Lawless (2012) – John Hillcoat

In Eisenstein’s seminal book The Film Sense, he relates a passage from Tolstoy to illustrate that an image alone is incomplete as representation. The passage depicts Vronsky, having just learned that Anna Karenina is pregnant, staring at his watch but being too distraught to recognize the time. “In his case,” Eisenstein writes of Vronsky, “the image of time created by the watch did not arise…It is not enough merely to see–something has to happen to the representation, something more has to be done with it, before it can cease to be perceived as no more than a simple geometrical figure and can become perceptible as the image of some particular ‘time’ at which the event is occurring. Tolstoy points out to us what happens when this process does not take place.” So does John Hillcoat, who, with Lawless (2012), has directed what looks like a Depression-era gangster picture but fails to be more than a simple collection of images of men in fedoras with tommy guns.

The Bondurant bootlegging brothers, led by the fearsome Forrest (Tom Hardy), are threatened by another gangster named Banner (Gary Oldman), who wants to cut into their profits. The law sends a man to their corner of Virginia in the person of Charlie Rakes (Guy Pearce), who says he’s from Chicago but sounds like he might be from Mars, to clean up the area. Brutality seems to be his preferred tool of law enforcement. Soon, the once indestructible Forrest is hospitalized and the vultures start swarming for the Bondurant business, and youngest brother Jack (Shia LaBeouf), who heretofore had been protected from the more unseemly aspects of illegal bootlegging, is forced to get his hands dirty and save the farm. There are dames too, of course; a moll who’s drawn to Forrest (Jessica Chastain) because of his appealing way of wearing his hat dipped low to cover his face and his favoritism to grunts over sentences, I guess and a church-going goody played by Mia Wasikowska that Jack is a-courting.

The cast is uniformly excellent. Hardy, who seems to be drifting toward a career as the heavy who doesn’t talk but suggests a deeper pain, is really good at suggesting that deeper pain, which is good because the script doesn’t let him suggest anything else. Forrest has become a bit of a backwoods legend and the locals say he’s immortal, an adjective he nearly earns through the course of the movie. He’s shot and stabbed many times in Lawless but every time (sometimes comically) he shakes it off. Chastain and Oldman give their usual superior performances (Oldman has a better part). LaBeouf can’t seem to make up his mind about whether he wants to be the scrappy tough guy or the frightened fish out of water, but he’s passable, and nobody is more alluring while wearing a bonnet than Wasikowska (between this, Albert Nobbs [2011] and Jane Eyre [2011], I can’t remember the last time I saw the top of that woman’s head), but I think that’s part of the problem. There seems to be a feeling that if they typecast the right actors, got the right locations, and gave everybody pinstriped three-pieces, that the movie would make itself. Lawless fails to jump from the screen to our imagination. Only Pearce’s strangely accented lawman commands our attention for any amount of time and that is mostly because he seems to have wandered onto the set from a stranger, better movie.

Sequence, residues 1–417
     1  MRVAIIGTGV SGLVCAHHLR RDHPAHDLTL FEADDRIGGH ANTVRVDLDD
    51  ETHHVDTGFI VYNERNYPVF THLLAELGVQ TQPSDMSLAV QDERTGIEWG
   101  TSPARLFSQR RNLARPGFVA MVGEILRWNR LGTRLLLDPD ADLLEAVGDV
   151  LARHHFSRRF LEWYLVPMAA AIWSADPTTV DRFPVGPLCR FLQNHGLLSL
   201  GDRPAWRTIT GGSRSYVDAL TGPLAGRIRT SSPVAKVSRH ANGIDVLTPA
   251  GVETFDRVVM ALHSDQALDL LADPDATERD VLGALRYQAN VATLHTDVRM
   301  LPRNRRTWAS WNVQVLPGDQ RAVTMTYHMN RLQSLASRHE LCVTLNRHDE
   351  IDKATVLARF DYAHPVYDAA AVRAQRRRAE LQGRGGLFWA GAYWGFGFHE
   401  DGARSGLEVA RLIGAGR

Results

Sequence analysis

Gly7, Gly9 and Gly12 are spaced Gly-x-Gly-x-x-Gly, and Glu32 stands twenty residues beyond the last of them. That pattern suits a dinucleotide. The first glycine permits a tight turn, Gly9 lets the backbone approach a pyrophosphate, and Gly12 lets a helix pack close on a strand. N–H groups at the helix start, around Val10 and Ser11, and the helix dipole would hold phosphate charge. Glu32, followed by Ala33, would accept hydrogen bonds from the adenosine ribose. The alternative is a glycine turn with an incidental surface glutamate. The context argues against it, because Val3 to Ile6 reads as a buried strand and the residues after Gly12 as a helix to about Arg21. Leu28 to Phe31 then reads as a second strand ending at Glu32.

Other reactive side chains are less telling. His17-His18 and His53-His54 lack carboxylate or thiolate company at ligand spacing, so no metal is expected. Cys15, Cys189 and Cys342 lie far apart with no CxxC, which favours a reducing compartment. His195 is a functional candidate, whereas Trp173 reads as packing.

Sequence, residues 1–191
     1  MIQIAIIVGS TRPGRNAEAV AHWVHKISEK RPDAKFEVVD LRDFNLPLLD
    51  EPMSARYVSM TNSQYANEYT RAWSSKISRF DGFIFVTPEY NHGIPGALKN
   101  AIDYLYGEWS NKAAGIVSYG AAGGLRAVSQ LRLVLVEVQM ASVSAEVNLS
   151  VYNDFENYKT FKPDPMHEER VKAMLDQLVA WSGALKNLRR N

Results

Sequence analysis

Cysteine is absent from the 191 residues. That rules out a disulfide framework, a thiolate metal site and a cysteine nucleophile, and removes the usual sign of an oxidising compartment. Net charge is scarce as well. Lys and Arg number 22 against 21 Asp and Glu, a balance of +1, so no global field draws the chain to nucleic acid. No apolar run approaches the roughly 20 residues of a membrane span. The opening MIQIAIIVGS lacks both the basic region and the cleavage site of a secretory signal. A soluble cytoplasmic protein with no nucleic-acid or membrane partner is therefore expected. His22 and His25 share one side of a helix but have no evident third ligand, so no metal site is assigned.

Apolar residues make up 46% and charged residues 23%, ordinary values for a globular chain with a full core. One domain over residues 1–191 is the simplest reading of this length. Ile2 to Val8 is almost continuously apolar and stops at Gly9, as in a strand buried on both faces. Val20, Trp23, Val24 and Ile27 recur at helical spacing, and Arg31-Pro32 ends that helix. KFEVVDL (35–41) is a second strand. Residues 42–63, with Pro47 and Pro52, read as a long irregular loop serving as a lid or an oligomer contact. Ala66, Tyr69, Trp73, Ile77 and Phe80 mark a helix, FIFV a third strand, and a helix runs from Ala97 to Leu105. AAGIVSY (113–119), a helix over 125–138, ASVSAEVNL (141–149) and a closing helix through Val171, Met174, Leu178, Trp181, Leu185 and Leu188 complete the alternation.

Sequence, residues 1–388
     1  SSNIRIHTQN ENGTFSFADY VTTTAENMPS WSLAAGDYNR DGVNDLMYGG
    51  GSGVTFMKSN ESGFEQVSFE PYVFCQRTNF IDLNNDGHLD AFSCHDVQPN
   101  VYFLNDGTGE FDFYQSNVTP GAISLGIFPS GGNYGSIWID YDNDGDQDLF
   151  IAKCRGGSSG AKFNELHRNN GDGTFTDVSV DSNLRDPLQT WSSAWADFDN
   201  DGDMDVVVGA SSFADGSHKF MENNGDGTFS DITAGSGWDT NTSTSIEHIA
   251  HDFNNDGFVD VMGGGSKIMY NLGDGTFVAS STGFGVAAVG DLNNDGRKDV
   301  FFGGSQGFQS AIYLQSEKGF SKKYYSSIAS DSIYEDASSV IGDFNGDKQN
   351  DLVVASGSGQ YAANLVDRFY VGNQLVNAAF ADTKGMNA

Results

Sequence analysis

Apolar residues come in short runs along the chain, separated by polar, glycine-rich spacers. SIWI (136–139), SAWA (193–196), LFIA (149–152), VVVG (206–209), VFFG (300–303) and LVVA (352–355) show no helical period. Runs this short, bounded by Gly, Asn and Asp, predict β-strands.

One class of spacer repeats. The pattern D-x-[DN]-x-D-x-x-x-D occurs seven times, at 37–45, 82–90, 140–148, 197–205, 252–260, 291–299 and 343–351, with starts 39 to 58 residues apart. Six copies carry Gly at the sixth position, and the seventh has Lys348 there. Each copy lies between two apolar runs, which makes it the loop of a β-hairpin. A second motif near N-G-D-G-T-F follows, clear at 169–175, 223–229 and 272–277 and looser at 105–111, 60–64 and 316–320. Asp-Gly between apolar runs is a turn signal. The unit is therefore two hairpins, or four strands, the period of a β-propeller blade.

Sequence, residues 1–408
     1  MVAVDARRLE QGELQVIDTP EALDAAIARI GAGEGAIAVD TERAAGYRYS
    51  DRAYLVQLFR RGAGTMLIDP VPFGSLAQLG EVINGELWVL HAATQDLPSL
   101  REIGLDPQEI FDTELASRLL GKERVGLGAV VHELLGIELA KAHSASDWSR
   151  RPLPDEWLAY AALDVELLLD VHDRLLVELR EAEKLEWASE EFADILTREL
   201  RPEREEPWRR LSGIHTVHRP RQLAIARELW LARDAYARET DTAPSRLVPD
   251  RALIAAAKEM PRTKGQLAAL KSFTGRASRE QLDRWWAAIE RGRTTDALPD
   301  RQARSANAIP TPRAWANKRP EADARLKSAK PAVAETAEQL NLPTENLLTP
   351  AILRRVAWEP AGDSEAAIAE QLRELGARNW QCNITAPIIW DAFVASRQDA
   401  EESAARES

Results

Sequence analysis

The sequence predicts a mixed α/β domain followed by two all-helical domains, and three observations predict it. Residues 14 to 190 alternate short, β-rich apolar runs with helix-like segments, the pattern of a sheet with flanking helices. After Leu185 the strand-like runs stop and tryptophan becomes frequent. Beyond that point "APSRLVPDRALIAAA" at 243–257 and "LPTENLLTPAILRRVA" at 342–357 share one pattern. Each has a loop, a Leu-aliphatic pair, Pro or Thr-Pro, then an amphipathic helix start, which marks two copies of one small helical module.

Like the problems of many movies, the ones here are born in the script, which isn’t terribly compelling. The story pits three factions at war with each other; the Bondurants, the rival gang and the cops, and much of the movie is spent watching them trade threatening messages. You send a body part in a jar to my hotel room, I’ll leave a tar-and-feathered guy on your porch. The sides swap barbs until the tensions reach a head, leaving us with the baffling ending which not only doesn’t resolve the story (the second gang is almost completely ignored in the final chapter of the movie, and we hardly see Gary Oldman in the second hour) but it’s also thematically bizarre.

The movie has a number of elements that make for a good picture, but they’re isolated and disconnected and they fight against each other. Nothing gels, leaving us with a dull mess. It’s like the movie is squirming to escape itself, a feeling the audience understands. Even when the movie settles in on a subplot it wants to develop, it does an incomplete job of it. The romance between LaBeouf’s and Wasikowska’s characters shows some potential but it doesn’t last long. Lawless has some of the feeling of an excited gradeschooler telling a story (“Oh! And then…”) but none of the energy. It has all the indications of being a handsome watch, but it doesn’t tell the time.

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